(a revelation from a domestic re-organisation)
Changing your mindset can be as simple as changing your seat.
I’m a creature of habit.
I had “my” chair in the living room, and I’d get rather curmudgeonly if anyone else sat in it. I’d give it up for a guest, but otherwise it was my spot. And what a spot it was – right in front of the TV and in the stereo’s “sweet spot”. And although I don’t watch much TV now and use headphones to listen to music, I still kept my seat.
Until earlier this week.
We had to paint the ceiling, so all the furniture got piled up in the centre of the room under dust sheets.
Rather than put everything back as it was, we decided to rearrange; after 6 years it was time to shake things up. We moved the sofa to where my chair had been and put the two armchairs at the far side of the room, creating a seating area where the focal point was out through the patio door and not the TV.
What I wasn’t ready for was the effect.
Instead of having just one seat I to sit in, I have several. This opens up a whole range of options and I find myself using the room much more creatively, considering what fits best with what I want to achieve.
And it struck me – the same thing is true about our golf.
It’s so easy to get let familiarity rule – we have our course, our range, our chipping area. We do the same things over and over, and yet we wonder why our skills don’t progress.
We often hope to get the same range bay, go through the same practice routine and then leave.Does this prepare us for a game which throws up unusual situations almost every round?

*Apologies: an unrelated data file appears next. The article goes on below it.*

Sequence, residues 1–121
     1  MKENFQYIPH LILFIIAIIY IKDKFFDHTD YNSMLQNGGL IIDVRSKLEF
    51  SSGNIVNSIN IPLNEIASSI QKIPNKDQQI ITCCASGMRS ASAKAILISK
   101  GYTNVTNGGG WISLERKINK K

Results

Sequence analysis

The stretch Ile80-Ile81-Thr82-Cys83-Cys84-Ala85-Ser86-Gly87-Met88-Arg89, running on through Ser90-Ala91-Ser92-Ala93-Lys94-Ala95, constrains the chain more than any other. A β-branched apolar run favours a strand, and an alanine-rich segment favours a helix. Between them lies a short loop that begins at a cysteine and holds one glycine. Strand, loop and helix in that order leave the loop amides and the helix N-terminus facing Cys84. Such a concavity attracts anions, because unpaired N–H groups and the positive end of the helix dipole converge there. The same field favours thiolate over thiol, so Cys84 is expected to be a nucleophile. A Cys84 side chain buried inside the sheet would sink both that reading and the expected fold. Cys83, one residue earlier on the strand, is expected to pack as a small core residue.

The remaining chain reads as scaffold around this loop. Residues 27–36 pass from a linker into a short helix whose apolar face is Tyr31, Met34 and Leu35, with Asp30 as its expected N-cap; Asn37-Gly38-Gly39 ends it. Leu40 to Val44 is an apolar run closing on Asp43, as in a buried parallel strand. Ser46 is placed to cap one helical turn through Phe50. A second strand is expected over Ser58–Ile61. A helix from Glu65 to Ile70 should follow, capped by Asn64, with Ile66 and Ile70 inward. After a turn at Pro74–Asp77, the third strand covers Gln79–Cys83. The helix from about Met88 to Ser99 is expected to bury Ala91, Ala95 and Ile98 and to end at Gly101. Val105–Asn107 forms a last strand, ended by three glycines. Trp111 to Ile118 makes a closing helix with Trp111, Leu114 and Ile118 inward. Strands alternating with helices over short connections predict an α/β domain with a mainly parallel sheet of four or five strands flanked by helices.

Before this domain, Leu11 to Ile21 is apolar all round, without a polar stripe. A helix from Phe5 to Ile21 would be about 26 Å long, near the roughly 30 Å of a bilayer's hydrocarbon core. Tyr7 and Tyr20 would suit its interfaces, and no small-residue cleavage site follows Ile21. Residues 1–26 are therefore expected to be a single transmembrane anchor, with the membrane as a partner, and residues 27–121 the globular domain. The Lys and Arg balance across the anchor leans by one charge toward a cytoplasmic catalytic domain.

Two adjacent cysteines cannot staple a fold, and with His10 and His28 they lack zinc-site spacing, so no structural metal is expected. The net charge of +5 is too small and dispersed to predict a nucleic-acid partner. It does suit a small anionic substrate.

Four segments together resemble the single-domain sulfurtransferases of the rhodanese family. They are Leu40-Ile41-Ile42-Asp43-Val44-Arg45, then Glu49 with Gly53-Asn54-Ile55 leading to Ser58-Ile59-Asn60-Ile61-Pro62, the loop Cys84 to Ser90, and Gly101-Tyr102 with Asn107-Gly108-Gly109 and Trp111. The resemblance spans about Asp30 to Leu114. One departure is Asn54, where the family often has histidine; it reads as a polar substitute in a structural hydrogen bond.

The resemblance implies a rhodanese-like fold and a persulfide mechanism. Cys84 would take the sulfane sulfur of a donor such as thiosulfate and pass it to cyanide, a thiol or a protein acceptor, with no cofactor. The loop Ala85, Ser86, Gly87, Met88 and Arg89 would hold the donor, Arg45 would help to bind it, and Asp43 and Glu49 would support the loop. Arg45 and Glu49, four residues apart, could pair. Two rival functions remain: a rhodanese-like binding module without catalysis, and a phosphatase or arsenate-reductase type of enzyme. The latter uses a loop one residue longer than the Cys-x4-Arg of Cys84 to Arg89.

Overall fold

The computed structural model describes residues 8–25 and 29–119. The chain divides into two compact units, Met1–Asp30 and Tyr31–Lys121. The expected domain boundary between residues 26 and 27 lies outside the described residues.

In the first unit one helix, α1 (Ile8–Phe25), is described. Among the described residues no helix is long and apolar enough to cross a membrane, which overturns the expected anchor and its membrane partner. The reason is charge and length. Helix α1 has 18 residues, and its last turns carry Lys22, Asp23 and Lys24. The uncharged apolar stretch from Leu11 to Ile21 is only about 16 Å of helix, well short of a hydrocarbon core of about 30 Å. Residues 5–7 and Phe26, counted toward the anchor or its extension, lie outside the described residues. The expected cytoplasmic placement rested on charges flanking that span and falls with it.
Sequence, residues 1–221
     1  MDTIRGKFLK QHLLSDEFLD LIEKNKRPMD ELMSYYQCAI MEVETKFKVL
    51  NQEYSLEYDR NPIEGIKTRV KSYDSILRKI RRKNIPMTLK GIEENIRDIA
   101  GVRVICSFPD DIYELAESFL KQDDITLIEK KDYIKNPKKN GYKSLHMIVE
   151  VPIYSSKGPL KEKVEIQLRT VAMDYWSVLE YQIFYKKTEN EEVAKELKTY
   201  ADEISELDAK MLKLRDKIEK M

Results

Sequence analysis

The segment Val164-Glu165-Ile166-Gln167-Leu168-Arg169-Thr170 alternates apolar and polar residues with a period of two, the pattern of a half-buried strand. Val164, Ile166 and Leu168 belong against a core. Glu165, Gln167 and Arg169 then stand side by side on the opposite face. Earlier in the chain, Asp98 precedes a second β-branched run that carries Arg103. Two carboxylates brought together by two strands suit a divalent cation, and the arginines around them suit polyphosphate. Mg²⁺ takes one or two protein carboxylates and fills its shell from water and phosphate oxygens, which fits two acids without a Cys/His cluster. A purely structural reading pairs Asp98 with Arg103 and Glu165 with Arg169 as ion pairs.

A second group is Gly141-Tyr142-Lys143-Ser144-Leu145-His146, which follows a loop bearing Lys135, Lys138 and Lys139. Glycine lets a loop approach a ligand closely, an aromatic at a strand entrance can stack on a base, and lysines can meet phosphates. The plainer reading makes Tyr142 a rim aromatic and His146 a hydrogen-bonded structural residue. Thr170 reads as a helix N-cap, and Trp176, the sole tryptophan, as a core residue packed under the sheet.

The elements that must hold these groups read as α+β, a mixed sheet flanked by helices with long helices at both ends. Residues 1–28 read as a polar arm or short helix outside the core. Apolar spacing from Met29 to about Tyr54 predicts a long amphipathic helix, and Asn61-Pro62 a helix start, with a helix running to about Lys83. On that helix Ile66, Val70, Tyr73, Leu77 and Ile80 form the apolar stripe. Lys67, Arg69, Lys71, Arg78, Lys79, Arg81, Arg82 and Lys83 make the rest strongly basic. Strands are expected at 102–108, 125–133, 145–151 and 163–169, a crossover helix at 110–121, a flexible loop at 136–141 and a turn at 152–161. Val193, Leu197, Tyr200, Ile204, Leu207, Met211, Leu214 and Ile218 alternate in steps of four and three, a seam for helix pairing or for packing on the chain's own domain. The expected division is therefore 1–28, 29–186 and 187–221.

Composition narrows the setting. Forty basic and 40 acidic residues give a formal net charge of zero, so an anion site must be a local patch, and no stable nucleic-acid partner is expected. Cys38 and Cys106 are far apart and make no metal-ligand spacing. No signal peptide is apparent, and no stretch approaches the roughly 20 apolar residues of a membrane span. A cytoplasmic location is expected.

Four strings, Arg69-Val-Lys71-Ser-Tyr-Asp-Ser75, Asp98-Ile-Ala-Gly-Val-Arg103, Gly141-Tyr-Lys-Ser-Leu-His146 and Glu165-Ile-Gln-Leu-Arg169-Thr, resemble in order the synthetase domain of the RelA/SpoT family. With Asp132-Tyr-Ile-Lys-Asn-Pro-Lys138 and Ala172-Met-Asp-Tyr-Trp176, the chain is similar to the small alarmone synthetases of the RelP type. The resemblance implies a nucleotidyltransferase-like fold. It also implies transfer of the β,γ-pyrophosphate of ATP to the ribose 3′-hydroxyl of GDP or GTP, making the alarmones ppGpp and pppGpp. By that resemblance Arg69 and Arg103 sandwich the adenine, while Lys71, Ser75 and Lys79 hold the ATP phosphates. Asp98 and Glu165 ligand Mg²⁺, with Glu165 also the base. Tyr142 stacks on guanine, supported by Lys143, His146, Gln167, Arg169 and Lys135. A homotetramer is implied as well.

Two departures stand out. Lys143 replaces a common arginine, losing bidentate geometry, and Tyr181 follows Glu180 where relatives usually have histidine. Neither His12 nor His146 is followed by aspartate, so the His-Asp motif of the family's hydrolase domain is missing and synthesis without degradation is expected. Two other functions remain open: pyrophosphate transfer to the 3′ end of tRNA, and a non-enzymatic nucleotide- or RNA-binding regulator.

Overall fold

Our practice is familiar, comfortable and safe.
And it’s stunting our growth.
Mix it up.
Do something different.
Make practice varied and random – make it simulate golf . Immerse yourself in the experience. Get away from the range and play some pitch-and-putt. Play a round with only one, two or three clubs. Create a random game at the chipping green. Play 3 shots left-handed. Take a ball into the trees and practice heroic escape shots.
Play a different type of course, and adapt your game to it. Dedicate a whole round to playing artistically, without regard to the score card. Choose to play a course as the architect intended, curling shots round dog-legs and over trees.
Do something extraordinary.
Change your view and escape the rut you didn’t know you were in.
Would you like to know more? If so, why not check out my free eBook, “Why Almost All of Your Golf Practice Is a Waste of Time…And How To Fix It” (worth £5.95/$9.95)? Subscribe to my newsletter and not only will you get the book, you’ll get my blog posts delivered directly to your inbox every Thursday. What’s not to love?